Introduction and overview
1. Preliminary discussions took place in September and October 2020. This project started in November 2020, in preparation for the first intake in December 2020. It was proposed that evaluation data would be generated and provided to AT-Autism throughout 2021. The project has generally proceeded in accordance with the planned outline. AT-Autism was asked to provide preliminary findings September 2021. This report is therefore earlier than planned.
2. Initial scoping meetings were held with Scottish Autism and Scottish Government to devise a formal structured evaluation of all NPDS programmes, which would demonstrate the degree of efficacy of the various programmes, collectively and individually, in the context of public accountability.
3. Several follow- on meetings involved the whole Service Provider (SP) group. to discuss the rationale and approach to evaluation and to clarify format and processes.
4. It was agreed that this evaluation would use a hypothesis-testing model that drew on Participatory Action Research (PAR) methods. This would reflect the NIHR PICO framework and would generate both quantitative and qualitative data.
5. Data would be obtained primarily from users of services, post intervention via a confidential and anonymous survey. The opportunity to withdraw from the programme or from the evaluation was agreed. All SP organisations agreed to provide information and data to ScotGov and to AT-Autism as required, and to emphasise to the user the importance and value of participation in the independent evaluation.
6. Several meetings of the whole group including all SP's were dedicated to designing, defining, refining and simplifying the processes to be used, which would require the minimum of effort to participant SP organisations. SP orgs were also advised not to undertake their own evaluation of the programme during this pilot as this would detract from, and could undermine, the independent evaluation.
7. A DELPHI process was used to develop and refine questions for the survey from the SP group, with ScotGov and Scottish Autism acting as core reference group. Questions were circulated to the SP group as part of ongoing consultation.
8. Based on this and the returns from group members relating to a summary description of their services and the PICO framework, questions were developed to be applicable to all services. The final questions for the evaluation were then agreed and signed off by the group, and in turn, by ScotGov.
9. These questions were turned into a platform using SNAP software, which is held by AT-Autism. In May 2021 one SP belatedly asked for changes to the survey platform. This request was denied as it would have reversed the agreed SP group and ScotGov position obtained via the DELPHI, but amendments to the introduction were accommodated. It would also have been disruptive at a technical level at this late stage.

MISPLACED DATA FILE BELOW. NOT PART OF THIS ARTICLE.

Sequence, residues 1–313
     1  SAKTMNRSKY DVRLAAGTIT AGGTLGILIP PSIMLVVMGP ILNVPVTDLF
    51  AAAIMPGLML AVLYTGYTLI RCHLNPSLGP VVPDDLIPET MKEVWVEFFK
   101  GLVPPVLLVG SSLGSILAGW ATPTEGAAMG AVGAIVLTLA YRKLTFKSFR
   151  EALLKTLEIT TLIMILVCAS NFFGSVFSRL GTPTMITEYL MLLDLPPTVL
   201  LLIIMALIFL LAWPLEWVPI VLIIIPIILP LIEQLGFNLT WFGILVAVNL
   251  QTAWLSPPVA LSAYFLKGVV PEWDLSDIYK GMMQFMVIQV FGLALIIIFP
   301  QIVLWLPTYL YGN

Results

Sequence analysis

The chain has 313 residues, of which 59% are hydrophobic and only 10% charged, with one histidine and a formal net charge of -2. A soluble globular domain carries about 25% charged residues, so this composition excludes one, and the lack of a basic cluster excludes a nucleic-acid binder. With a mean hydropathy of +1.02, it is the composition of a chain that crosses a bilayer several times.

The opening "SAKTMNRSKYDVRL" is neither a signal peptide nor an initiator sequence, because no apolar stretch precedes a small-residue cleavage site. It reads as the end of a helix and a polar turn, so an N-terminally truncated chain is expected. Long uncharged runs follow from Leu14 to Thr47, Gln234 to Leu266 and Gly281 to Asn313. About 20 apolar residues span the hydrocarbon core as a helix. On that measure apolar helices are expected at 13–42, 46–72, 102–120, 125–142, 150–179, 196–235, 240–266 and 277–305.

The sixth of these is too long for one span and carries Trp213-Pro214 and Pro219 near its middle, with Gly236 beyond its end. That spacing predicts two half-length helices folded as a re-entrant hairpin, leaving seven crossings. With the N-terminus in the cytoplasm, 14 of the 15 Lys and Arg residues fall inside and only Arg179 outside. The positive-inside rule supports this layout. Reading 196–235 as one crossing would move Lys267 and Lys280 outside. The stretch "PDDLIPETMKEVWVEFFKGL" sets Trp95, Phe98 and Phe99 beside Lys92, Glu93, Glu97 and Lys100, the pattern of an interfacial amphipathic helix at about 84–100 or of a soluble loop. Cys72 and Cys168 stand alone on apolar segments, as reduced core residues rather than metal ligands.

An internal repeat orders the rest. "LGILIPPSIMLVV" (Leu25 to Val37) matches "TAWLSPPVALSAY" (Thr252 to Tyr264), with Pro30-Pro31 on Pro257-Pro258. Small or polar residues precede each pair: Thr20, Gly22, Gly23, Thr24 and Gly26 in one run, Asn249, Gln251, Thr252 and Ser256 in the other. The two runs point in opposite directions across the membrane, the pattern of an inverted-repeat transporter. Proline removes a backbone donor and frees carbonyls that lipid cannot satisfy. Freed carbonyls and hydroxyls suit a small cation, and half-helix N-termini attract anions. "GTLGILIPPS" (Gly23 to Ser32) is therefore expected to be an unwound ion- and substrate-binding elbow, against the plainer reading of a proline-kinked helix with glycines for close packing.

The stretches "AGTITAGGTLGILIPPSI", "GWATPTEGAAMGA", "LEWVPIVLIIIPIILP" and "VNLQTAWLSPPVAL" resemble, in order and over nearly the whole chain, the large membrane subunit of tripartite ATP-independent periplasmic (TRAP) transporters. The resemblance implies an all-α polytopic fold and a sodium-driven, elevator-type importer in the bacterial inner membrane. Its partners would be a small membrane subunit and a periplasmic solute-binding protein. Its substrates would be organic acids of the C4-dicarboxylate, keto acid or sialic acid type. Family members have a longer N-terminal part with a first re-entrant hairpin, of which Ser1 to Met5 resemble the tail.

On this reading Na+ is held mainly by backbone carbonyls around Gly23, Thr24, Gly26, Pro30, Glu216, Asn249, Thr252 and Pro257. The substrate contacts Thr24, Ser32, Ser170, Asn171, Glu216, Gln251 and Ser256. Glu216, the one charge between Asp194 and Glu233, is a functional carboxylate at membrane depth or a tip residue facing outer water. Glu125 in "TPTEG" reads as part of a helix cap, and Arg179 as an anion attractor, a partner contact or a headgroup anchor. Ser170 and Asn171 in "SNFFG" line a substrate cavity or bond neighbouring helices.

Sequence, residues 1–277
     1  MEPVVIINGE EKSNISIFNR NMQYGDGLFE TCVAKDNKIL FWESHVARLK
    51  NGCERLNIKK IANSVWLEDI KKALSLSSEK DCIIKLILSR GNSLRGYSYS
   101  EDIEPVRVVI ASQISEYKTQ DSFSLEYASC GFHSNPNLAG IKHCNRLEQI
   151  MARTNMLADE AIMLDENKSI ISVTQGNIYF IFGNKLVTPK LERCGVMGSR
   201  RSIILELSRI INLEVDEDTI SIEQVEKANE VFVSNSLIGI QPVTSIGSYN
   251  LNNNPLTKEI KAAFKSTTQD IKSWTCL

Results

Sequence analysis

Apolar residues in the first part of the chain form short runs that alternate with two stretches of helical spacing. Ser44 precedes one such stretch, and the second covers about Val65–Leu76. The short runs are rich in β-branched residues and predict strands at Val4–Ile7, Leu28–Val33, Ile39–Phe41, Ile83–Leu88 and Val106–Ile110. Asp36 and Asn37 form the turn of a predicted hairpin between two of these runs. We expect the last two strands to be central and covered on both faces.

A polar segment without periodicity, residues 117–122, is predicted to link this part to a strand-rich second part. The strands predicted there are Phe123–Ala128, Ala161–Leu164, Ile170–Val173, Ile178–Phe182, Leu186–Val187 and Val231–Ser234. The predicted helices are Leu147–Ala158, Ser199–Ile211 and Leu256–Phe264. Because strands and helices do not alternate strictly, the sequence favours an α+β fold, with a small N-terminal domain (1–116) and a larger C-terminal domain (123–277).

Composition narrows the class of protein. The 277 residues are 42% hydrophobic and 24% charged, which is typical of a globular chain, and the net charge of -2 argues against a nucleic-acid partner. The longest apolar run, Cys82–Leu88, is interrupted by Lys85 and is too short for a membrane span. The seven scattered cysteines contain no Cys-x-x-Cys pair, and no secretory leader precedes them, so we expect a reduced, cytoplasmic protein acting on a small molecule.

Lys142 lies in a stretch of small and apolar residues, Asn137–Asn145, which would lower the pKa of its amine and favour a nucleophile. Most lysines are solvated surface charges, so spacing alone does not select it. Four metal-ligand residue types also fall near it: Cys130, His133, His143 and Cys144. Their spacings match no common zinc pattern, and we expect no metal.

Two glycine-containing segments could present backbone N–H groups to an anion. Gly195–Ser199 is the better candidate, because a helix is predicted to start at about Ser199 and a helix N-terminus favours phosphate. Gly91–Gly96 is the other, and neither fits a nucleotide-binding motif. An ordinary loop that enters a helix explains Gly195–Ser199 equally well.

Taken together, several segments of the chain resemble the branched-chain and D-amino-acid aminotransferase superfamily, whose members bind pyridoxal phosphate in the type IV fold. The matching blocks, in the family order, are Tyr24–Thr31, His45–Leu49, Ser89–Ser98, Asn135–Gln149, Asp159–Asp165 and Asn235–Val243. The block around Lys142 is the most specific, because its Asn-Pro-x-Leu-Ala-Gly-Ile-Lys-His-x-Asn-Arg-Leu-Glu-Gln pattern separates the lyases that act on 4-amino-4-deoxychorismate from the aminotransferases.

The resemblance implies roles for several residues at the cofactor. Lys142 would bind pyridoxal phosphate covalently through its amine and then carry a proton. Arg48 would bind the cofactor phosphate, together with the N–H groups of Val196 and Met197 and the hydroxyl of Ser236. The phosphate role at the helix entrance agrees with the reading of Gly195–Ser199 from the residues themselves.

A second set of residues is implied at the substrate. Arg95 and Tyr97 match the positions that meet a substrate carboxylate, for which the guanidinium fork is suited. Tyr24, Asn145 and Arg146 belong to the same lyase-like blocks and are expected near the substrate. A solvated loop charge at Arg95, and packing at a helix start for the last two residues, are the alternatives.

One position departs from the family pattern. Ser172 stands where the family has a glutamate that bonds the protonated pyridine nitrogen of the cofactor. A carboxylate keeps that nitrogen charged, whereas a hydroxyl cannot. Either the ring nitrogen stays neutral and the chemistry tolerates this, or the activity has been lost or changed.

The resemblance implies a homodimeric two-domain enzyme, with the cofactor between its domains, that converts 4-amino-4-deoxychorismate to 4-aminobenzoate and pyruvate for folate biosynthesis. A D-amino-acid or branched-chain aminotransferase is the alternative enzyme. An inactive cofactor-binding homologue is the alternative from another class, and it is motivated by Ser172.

10. It was agreed by the SP group to provide information to AT-Autism for all users registered post December 2020 and to keep records of attendance, goals, and completions.
11. It was initially agreed that contact emails for users to complete the evaluation would be provided to AT-Autism by all SP organisations once the user had completed the programme. At the request of the SP group this was amended, and all SP members would now send these details (including the link to the evaluation survey) to users. This to ensure all users are contacted and to maximise uptake. The survey would be confidential and anonymous.
12. SP members also agreed to maintain and safeguard a record of location and race, gender, and ethnicity. These would remain confidential to the service but disclosed to ScotGov as required or requested.
13. AT-Autism opened the survey in February 2021 and received 149 responses concerning all organisations. All health Regions are represented except Orkney. The responses comprised quantitative and qualitative data, and comments from respondents, many of which were extensive.
14. SP organisations were asked for
a. Number of users registered post 1 December 2020.
b. Number of users completed the programme by end of July 2021.
c. Number of evaluation links sent out.
15. This report contains responses in respect of all organisations and are extensive in scope and range. The quality of responses from participants is high, with a wealth of lived experience captured within them. They are produced in full, without editing or redaction.
16. The responses support the perceived value of the range of post-diagnostic support services across Scotland in the eyes of the users of these services.
17. The data also suggest areas where individually and collectively, providers can address issues of importance to users or where performance is below the standard expected.
18. The true value of the report will be as a mechanism for reflection and action on the findings presented.
19. A composite report collates data from across all respondents plus additional reports for each of the service providers.
20. The full set of reports plus individual reports are the property of the Scottish Government.
21. It is proposed to make the composite report, plus their own report available to the individual service providers.
1. The responses to the survey indicate that for most respondents, the aims and outcomes set out by services providers are substantially achieved, and in many instances exceeded.
2. The services reviewed offer a valuable alternative and complementary addition to statutory services.
3. These limited data offer a valuable insight into how these services are experienced by users, and a steer on future direction. They also offer a baseline, a benchmark for comparison, and a mechanism for reflection and change.
4. I propose they also serve as a basis for discussion on future direction of these services. We are prepared to participate and assist in this.
26 August 2021
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